Last but not least I don't see why more people aren't playing Cardcar D. Any matchup that includes Rabbit or Fire Fist are usually grind games and with the insane amount of traps people are playing it shouldn't really matter that you're giving up one of your turns. Again just like Zenmaines this card goes very well with cards like D. Fissure or Soul Drain. Activating either of those cards is usually a -1 since they are floodgate cards and don't really do anything to actually stop your opponent's cards. Your opponent will just hold the cards that are hurt by your D. Fissure until they can 1-1 it then go off anyways. This means you're playing with a -1 until your opponent is ready to go off. Cardcar D can help even it out and draw you into more of your deck, whether it be your main strategy or more copies of your continuous cards so that even an MST can't help your opponent come back into the game. Fire Fist existing has made the game very reactive, meaning you want to stop your opponent on their turn instead of waiting and taking care of the problem with cards like Dark Hole, Soul Taker, or your own monsters. What's the point of clearing a Bear if it already blew up a card and searched a copy of Tenki? This combined with how insanely easy it is for Water to OTK has created a huge influx of trap cards being played which in turn makes Cardcar - D a lot better. Your traps will protect you from any push you leave yourself open to while your opponent might not be able to make a huge push because they're looking at a bunch of traps themselves. Cardcar D has always been a good card and it has just been waiting for its time to shine. Now is that time.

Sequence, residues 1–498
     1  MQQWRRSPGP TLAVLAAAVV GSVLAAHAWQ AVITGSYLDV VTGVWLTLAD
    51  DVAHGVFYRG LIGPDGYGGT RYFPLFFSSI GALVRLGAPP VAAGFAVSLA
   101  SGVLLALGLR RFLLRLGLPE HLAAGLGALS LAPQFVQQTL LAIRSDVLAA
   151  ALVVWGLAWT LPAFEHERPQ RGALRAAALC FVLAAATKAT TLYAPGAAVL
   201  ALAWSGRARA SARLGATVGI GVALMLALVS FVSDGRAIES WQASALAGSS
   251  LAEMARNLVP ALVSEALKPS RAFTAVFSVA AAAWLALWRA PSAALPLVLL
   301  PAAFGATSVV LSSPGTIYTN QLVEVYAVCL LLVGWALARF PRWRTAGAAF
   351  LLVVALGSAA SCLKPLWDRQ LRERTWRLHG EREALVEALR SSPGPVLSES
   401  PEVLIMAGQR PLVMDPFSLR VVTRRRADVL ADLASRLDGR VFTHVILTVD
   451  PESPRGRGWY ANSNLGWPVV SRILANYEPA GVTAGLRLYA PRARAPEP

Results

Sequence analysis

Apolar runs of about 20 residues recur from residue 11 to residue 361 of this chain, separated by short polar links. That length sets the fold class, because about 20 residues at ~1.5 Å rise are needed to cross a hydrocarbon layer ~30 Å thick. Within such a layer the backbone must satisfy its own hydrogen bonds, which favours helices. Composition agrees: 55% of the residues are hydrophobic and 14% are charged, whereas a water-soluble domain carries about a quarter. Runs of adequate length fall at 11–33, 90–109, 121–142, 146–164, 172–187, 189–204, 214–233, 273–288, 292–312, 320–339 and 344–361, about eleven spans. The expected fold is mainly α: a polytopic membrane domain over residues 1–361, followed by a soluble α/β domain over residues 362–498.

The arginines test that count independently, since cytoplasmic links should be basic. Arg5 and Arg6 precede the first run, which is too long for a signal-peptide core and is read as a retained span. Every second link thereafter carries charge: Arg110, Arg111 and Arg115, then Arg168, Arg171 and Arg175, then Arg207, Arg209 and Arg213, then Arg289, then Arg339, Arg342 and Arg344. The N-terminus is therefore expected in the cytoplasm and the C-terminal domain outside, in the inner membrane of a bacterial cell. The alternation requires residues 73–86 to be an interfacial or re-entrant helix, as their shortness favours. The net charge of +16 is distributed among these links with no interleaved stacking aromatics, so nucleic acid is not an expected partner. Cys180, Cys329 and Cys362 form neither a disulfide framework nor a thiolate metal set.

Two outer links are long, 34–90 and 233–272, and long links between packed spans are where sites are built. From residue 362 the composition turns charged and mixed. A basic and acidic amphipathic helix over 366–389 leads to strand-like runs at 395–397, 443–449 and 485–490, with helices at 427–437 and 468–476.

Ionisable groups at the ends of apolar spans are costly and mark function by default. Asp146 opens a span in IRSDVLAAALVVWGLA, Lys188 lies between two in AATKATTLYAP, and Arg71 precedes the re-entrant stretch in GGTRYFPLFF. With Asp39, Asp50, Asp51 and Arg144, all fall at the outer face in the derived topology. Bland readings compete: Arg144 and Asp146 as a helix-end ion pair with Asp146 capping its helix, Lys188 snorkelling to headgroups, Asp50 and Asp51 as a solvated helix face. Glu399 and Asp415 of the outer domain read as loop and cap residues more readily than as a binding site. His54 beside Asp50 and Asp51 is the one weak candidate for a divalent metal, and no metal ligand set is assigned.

Those are 4 cards I personally feel to have huge potential in the upcoming format and I was actually really surprised when I saw barely anyone using them. Hopefully some of you will try these cards and see for yourselves how good they are in the current format. I expect a lot of the top players at YCS Texas to be utilizing these cards.